Most of the trucks we found on ebay and craigslist that were already used for concessions would not have met Champaign County health or building codes. Since we figured we would have to scrap whatever we found and start over, it made sense for us to start from scratch. This way, we knew that the plumbing, electric, and sanitation would meet our needs.
For serious inquiries on purchasing the Crave Truck, please send an email to firstname.lastname@example.org with a telephone number and contact information.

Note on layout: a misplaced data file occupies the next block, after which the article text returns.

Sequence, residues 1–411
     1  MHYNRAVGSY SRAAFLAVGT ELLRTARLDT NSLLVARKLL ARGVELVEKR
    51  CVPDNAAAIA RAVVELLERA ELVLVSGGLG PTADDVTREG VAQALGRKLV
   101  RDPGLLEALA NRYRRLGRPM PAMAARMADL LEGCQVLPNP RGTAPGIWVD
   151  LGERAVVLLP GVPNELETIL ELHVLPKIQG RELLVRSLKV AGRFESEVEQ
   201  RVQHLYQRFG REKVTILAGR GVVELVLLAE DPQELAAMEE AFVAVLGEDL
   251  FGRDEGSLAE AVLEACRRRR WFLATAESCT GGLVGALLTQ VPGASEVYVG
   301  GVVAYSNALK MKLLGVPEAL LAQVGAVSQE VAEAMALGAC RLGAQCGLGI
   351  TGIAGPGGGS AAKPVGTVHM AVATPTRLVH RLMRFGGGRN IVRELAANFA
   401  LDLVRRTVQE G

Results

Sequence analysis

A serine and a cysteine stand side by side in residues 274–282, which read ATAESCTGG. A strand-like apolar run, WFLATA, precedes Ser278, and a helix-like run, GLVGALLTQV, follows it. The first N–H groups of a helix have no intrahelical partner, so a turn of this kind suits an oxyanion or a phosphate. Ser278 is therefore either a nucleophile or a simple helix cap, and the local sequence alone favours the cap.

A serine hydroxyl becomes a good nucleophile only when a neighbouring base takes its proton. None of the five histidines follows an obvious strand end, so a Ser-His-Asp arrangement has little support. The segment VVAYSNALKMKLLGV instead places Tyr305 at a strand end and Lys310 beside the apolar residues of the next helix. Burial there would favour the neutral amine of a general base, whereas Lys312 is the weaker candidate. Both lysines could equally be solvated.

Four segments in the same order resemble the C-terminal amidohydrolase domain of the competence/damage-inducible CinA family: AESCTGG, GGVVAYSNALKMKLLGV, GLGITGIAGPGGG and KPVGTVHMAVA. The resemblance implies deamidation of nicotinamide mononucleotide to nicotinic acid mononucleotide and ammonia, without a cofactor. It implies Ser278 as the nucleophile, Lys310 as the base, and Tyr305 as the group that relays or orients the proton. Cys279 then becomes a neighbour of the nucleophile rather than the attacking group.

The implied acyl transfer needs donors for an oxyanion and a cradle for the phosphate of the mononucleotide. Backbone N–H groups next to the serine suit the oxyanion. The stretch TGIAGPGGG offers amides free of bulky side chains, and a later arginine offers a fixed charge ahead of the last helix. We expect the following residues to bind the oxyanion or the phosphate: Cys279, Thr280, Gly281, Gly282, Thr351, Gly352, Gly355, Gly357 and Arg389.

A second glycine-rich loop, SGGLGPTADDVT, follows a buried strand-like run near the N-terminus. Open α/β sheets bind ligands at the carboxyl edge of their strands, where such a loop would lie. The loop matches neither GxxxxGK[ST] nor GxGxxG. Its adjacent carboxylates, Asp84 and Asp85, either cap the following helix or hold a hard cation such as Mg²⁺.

I wasn't raised in a family that told me life was fair. Maybe it's just the idealism of my age. Maybe it's because I was raised to believe that I can achieve anything with hard work. I dunno. Lately, maybe I'm just tired of spinning my wheels.I expected the hurdles of starting-up a business. I didn't expect constant roadblocks to stay in business. I'm not alone. Food Trucks in Chicago can now cook on-board their vehicles, but they are severely limited in the means to actually capture customers and just recoup their expenses. After learning to navigate my own city meetings, I joined my fellow foodtruckers in the Chicago hearings. I didn't expect to find the massive comradery among Chicago Food Trucks, but I felt honored to stand with them and be included. Here in Champaign, I have cultivated a following. We offer a fantastic product that isn't even available in any restaurant in town. It is labor-intensive to make, because an authentic Belgian Liege waffle is made from a yeast dough and not a batter. This means we make dough beforehand to proof everytime we go out. Like a restaurant, we reinvest in product and payroll daily. Unlike restaurants, our food truck is out in the elements. When it is raining, there are little to no customers. When it is ridiculously hot, there are little to no customers. When it is blistering cold and snowing, there are little to no customers. We drive around in a metal box. This past summer, we've had employees suffer from heat exhaustion because temperatures in the truck have exceed 120 degrees fahrenheit. I knew this when I planned to start a food truck. What I didn't expect was the need to change my business model: Food Trucks ultimately go where the people are. Food Trucks are not the same business model as food carts which are stationary businesses where the people need to come to where they are. Last Spring, the rules changed. Or rather the city clerk of Champaign went from saying "park anywhere you can legally park a car (staying only as long as you have a line)" to "you are no longer allowed on city streets PERIOD "and oh yeah, your license renewal will increase 6 fold if you choose to stay in business. Our friends and followers were marvelous! They blew up Twitter and landed us on the evening news. Then the politics began: http://cvp.telvue.com/player?id=T01169&video=59994&mini=1 The city of Champaign quickly moved to quell public sentiment by implementing a pilot program. http://ci.champaign.il.us/cms/wp-content/uploads/2012/05/Mobile-Food-Truck-Pilot-Project-Details-and-Application.pdf The city supports food trucks and welcomes them to park in designated areas in 2 hr intervals. The reasoning I imagine for limiting the hours is to accommodate the great number of food trucks in the future. Unfortunately for us, there has not been enough foot traffic this summer in these designated spots to maintain the business. Undoubtedly brick and mortar restaurants have seen a decline in their sales from same-time last year as well. We have been able to stay in business by making catering events our bread and butter. We have attended local municipality events, apartment building parties, company picnics, and private home events. We are a certified mobile kitchen and that makes sense for us to go where we are invited. However, lately our friends and followers are wondering where have we been hiding. To all those who love the Crave Truck we say Catch Us When You Can because you never know when you will see us next time.